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An Incomplete [History] of History Threads

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    PiptheFairPiptheFair Frequently not in boats. Registered User regular
    alberta is conventionally understood to be the racist uncle of canada

    but like, same problem as painting the south with broad strokes

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    ChicoBlueChicoBlue Registered User regular
    Alberta's only the racist uncle because Quebec would be a racist oncle.

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    RMS OceanicRMS Oceanic Registered User regular
    ChicoBlue wrote: »
    Alberta's only the racist uncle because Quebec would be a racist oncle.

    hon hon hon

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    PiptheFairPiptheFair Frequently not in boats. Registered User regular
    ChicoBlue wrote: »
    Alberta's only the racist uncle because Quebec would be a racist oncle.

    tabernac!

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    RMS OceanicRMS Oceanic Registered User regular
    Today in "geofencing be weird", I learned of a book called Road to Disunion, a look at the seeds of the American Civil War planted from 1776 onwards, sounded like that was my jam, and looked for it on Audible. Volume Two is available, but not Volume One. I do not grok this.

    Anyone read that book? Worth my time?

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    ZibblsnrtZibblsnrt Registered User regular
    Today in "geofencing be weird", I learned of a book called Road to Disunion, a look at the seeds of the American Civil War planted from 1776 onwards, sounded like that was my jam, and looked for it on Audible. Volume Two is available, but not Volume One. I do not grok this.

    Anyone read that book? Worth my time?

    When it comes to books in a series, physical bookstores are legally, indeed morally obligated to stock an incomplete set with as much sequence-breaking as possible to keep people from being able to start, much less finish, the damn things. Ten in the series? Sorry, we only have books 2, 5 and 8!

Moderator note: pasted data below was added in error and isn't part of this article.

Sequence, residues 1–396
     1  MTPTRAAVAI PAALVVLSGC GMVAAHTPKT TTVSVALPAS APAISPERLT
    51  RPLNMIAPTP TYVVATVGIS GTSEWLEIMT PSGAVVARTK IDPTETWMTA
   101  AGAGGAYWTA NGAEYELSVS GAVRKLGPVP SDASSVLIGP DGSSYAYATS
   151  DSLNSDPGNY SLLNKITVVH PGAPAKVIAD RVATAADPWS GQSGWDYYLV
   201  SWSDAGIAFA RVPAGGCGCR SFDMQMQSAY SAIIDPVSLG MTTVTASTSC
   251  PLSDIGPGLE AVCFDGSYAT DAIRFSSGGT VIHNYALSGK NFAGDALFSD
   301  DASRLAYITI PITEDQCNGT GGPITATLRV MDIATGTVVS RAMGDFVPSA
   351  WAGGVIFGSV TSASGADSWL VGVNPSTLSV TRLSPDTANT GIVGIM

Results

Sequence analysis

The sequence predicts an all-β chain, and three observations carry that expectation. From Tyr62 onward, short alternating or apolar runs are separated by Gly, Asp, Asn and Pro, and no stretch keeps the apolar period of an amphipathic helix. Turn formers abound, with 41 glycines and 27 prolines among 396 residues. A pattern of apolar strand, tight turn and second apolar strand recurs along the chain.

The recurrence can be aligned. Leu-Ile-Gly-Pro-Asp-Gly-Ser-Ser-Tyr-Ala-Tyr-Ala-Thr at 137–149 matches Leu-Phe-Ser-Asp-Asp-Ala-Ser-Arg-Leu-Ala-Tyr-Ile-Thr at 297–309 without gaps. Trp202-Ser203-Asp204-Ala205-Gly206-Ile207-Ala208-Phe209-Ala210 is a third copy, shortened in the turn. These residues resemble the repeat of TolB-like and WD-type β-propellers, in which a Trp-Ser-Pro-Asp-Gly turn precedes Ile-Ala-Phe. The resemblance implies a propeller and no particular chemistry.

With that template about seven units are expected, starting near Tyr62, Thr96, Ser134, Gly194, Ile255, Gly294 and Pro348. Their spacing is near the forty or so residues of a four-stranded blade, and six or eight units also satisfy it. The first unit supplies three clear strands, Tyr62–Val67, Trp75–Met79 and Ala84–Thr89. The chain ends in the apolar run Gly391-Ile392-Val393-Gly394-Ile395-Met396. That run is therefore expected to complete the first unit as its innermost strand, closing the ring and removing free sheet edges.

It was only a matter of time before digital bookstores were brought back into that fold...

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    CarpyCarpy Registered User regular
    Zibblsnrt wrote: »
    Today in "geofencing be weird", I learned of a book called Road to Disunion, a look at the seeds of the American Civil War planted from 1776 onwards, sounded like that was my jam, and looked for it on Audible. Volume Two is available, but not Volume One. I do not grok this.

    Anyone read that book? Worth my time?

    When it comes to books in a series, physical bookstores are legally, indeed morally obligated to stock an incomplete set with as much sequence-breaking as possible to keep people from being able to start, much less finish, the damn things. Ten in the series? Sorry, we only have books 2, 5 and 8!

    It was only a matter of time before digital bookstores were brought back into that fold...

    I can't count the amount of times my mom would home a book she thought I'd like and it ended up being book 2 in a series of 5

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    PiptheFairPiptheFair Frequently not in boats. Registered User regular
    ud1vj9vhddap.png

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    PeasPeas Registered User regular
    edited July 2021
    https://www.bbc.com/future/article/20210706-the-secret-lives-of-neanderthal-children
    By Rebecca Wragg Sykes